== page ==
Mines News

Release Date Wednesday, July 26, 2017

Students Donate Hand-Made Baby Blankets to Hospital to Raise Awareness of Shaken Baby Syndrome

Students with the SD Mines Future Health Science Professionals organization hold up their hand-made blankets donated to Rapid City Regional Hospital to support the Cover Me Purple project, which combats shaken baby syndrome.

RAPID CITY, S.D. (July 26, 2017) –  The SD Mines Future Health Science Professionals student organization donated 16 hand-made baby blankets to the Rapid City Regional Hospital to support the Cover Me Purple project, which combats shaken baby syndrome. With material donated by the local Wal-Mart, the students worked on the blankets every Saturday morning for three months.

The Cover Me Purple project aims to send every infant born at Rapid City Regional Hospital home swaddled in a purple blanket to remind new parents that babies are prone to crying and extremely fragile, and remind them of the dangers of shaken baby syndrome.

In this context, PURPLE is an acronym for crying that “Peaks” soon after birth, is “Unexpected,” “Resists” soothing, falsely appears to be causing “Pain,” is “Long-lasting” and occurs more during the “Evening.” This new term Period of Purple Crying was previously known as colic.

Cover Me Purple was founded by Sue Jarvis, a registered nurse working in Rapid City Regional Hospital’s Neonatal Intensive Care Unit.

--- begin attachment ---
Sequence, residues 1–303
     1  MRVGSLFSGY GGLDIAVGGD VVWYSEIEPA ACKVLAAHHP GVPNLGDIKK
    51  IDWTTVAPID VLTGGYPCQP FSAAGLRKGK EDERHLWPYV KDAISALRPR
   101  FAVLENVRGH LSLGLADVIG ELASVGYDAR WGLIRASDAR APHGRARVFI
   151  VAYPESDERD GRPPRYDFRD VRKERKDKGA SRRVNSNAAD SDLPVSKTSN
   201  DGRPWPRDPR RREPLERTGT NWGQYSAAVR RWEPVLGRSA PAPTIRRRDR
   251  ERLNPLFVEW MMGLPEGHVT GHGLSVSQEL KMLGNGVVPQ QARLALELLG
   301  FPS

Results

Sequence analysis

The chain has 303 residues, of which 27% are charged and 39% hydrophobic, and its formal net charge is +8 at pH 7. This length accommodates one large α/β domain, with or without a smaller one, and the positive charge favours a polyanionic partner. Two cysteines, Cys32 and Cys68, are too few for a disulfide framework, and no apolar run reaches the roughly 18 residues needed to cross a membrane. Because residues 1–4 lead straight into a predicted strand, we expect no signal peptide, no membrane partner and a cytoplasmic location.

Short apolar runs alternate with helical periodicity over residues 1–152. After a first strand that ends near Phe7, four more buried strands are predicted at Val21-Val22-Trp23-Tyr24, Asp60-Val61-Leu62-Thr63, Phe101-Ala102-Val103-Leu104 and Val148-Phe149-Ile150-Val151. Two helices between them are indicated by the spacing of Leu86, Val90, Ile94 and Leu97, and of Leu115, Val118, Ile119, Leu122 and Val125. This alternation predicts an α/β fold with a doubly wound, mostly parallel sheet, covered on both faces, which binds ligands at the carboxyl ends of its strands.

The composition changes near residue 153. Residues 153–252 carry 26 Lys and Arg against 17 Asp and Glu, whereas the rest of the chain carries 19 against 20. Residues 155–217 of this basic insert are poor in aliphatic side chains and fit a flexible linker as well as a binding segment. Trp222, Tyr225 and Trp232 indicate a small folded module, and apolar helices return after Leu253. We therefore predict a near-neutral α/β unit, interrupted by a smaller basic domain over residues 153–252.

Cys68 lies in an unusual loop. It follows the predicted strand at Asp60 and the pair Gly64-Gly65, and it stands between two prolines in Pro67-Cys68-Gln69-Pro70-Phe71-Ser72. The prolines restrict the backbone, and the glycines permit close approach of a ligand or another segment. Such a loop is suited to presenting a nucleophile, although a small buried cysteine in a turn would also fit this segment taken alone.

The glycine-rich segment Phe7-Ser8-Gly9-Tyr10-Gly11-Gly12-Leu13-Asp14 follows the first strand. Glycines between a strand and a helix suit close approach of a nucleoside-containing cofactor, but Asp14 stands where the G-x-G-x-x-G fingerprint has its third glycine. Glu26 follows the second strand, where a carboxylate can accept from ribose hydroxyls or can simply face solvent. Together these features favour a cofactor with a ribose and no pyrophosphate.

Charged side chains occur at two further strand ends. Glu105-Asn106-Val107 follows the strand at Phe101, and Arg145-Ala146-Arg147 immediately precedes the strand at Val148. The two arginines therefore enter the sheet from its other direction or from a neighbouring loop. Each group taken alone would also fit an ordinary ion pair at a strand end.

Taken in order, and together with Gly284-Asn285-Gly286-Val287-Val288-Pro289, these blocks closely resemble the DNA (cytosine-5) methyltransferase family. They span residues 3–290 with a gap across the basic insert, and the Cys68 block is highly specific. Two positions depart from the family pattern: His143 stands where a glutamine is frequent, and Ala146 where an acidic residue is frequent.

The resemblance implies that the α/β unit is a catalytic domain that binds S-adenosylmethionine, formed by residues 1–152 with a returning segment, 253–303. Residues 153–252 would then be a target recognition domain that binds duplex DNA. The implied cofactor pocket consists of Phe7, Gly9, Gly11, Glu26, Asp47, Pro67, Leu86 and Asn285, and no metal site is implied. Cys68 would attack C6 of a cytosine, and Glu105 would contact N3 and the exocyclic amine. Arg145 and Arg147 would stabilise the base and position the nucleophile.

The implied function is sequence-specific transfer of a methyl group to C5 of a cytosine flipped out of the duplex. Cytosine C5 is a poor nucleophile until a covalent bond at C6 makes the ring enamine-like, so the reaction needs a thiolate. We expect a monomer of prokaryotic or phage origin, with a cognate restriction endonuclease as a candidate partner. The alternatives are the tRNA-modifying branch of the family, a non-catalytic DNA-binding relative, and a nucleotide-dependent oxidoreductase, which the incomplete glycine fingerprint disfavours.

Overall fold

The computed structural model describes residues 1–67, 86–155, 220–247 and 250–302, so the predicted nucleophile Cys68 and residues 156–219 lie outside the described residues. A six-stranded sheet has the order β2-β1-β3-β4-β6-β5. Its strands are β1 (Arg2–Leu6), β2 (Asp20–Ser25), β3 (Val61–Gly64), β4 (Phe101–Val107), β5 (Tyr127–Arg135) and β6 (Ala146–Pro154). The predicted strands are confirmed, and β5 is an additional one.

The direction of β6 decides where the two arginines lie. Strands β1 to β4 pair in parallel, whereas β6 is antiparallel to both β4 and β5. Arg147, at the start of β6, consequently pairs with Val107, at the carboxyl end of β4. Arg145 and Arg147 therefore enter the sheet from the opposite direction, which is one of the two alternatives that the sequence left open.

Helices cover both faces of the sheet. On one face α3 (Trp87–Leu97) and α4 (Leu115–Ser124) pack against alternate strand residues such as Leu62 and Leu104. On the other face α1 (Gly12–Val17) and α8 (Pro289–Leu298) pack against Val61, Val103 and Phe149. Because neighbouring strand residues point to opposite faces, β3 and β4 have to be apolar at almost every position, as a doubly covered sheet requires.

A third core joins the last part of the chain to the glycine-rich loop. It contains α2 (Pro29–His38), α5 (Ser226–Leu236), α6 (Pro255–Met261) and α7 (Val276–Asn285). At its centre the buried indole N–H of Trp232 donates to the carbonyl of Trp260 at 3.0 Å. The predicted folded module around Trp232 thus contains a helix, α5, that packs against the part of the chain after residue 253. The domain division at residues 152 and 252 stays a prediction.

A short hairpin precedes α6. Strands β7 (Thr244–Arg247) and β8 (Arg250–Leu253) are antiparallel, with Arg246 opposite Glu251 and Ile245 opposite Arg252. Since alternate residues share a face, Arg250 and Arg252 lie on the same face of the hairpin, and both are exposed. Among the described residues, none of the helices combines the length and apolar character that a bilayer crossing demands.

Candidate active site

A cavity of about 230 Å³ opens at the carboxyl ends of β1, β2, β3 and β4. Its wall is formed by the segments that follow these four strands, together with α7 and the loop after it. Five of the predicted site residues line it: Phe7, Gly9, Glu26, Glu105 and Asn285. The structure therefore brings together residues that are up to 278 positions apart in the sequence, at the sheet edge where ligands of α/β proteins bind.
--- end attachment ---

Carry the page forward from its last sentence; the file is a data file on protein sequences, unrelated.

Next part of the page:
“The Future Health Science Professionals club is always looking for opportunities to reach out to the community. We wanted to contribute to the Cover Me Purple project because we believe it is important to educate new parents on crying and bring awareness to shaken baby syndrome,” said Taylor Clemmons, president of the Future Health Science Professionals. Clemmons graduated in May 2017 with a degree in applied biological sciences and a pre-med emphasis.

The Future Health Science Professionals’ purpose is the create a community of students interested in the health sciences, encourage volunteerism, help students prepare for future academic challenges and promote personal and professional growth.


About SD Mines  

Founded in 1885, the South Dakota School of Mines & Technology is a science and engineering research university located in Rapid City, S.D., offering bachelor’s, master’s and doctoral degrees. The university enrolls 2,778 students with a student-to-faculty ratio of 15:1. The SD School of Mines placement rate is 96 percent, with an average starting salary of $62,929. Find us online at www.sdsmt.edu and on Facebook and Twitter.


Contact: Dani Mason, (605) 394-2554, danielle.mason@sdsmt.edu